There are two reasons you can find yourself confronted with the need for a recipe that doesn’t contain gluten.
1) You are trying out gluten free for yourself. You may have heard of some of the purported health benefits, or perhaps you are curious as to whether you have Celiac Disease. You may even just be curious about the so-called “paleo” method of eating and are wondering what life without grains would be like.
2) You are due to host a guest who cannot eat gluten.
Either way, being confronted with the issue for the first time is a shocking one. Gluten is in far more products than you ever could have imagined before confronted with the reality of avoiding it. For sufferers of Celiac, it’s not just about avoiding bread and pasta – it can be found in medications and even the starch used on new clothes.
You find yourself leafing through your current recipe books and wondering what on earth you’re going to come up with. You can try specific gluten free recipes, but they tend to take a lot of refining. You have to learn to work new ingredients. That’s fine if you’re making the change for your own sake, but less feasible if you’re just hosting a guest.
One of the easiest options is to substitute. You keep all of your old recipes, but switch out the problematic ingredients. There is a safety in this as you know the recipe, and while a change may make life a little harder, it’s easier than starting from scratch. You can also be reassured you have indeed made it gluten free, as you know the component parts. Here are a few substitutions to get you started.
SOY SAUCE becomes COCONUT AMINOS
Yes, gluten is in soy sauce (and all other products that contain malt). Given soy is such a key component in cooking – especially if you favor Eastern foods – then this can seem impossible.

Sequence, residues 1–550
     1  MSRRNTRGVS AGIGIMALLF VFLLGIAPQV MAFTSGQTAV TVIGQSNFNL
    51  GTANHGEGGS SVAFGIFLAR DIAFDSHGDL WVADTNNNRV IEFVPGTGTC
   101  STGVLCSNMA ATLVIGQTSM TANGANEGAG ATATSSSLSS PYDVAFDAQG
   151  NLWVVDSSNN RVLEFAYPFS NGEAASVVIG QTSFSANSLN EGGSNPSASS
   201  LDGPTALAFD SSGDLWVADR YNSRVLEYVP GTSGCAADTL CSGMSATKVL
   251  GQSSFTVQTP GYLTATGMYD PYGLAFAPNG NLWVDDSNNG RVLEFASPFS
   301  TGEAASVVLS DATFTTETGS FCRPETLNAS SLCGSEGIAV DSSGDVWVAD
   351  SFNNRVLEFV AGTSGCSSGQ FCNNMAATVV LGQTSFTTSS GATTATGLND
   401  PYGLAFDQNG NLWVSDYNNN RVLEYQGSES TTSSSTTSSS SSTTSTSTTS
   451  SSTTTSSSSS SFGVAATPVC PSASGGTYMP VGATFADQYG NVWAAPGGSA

The best substitute is coconut aminos. Rather than being derived from soy, the taste is almost identical but – as the name suggests – is from coconuts. It’s a little more expensive than soy but well worth it.
PIZZA BASE becomes SWEET POTATO
The texture isn’t going to be the same, but the overall presentation will be – and it might even be nicer! Slice sweet potatoes (also known as yams) to medium thickness and then layer toppings as if it were a traditional pizza base.
WHEAT FLOUR becomes ALMOND FLOUR
There is a knack to working with almond flour. The most obvious is actually a time-saver; there is no requirement to knead the dough, as kneading is generally done to encourage gluten production. It can also be a touch drier, so consider experimenting with a lower quantity in the mix – or be prepared to add an extra egg or similar moisture-rich item. The overall taste, however, is almost identical – there is no direct taste of almond, just the usual binding together of other ingredients that you’d expect.
Don’t be afraid to experiment with some of these gluten free substitutes; you may just find a new way to love an old favorite recipe!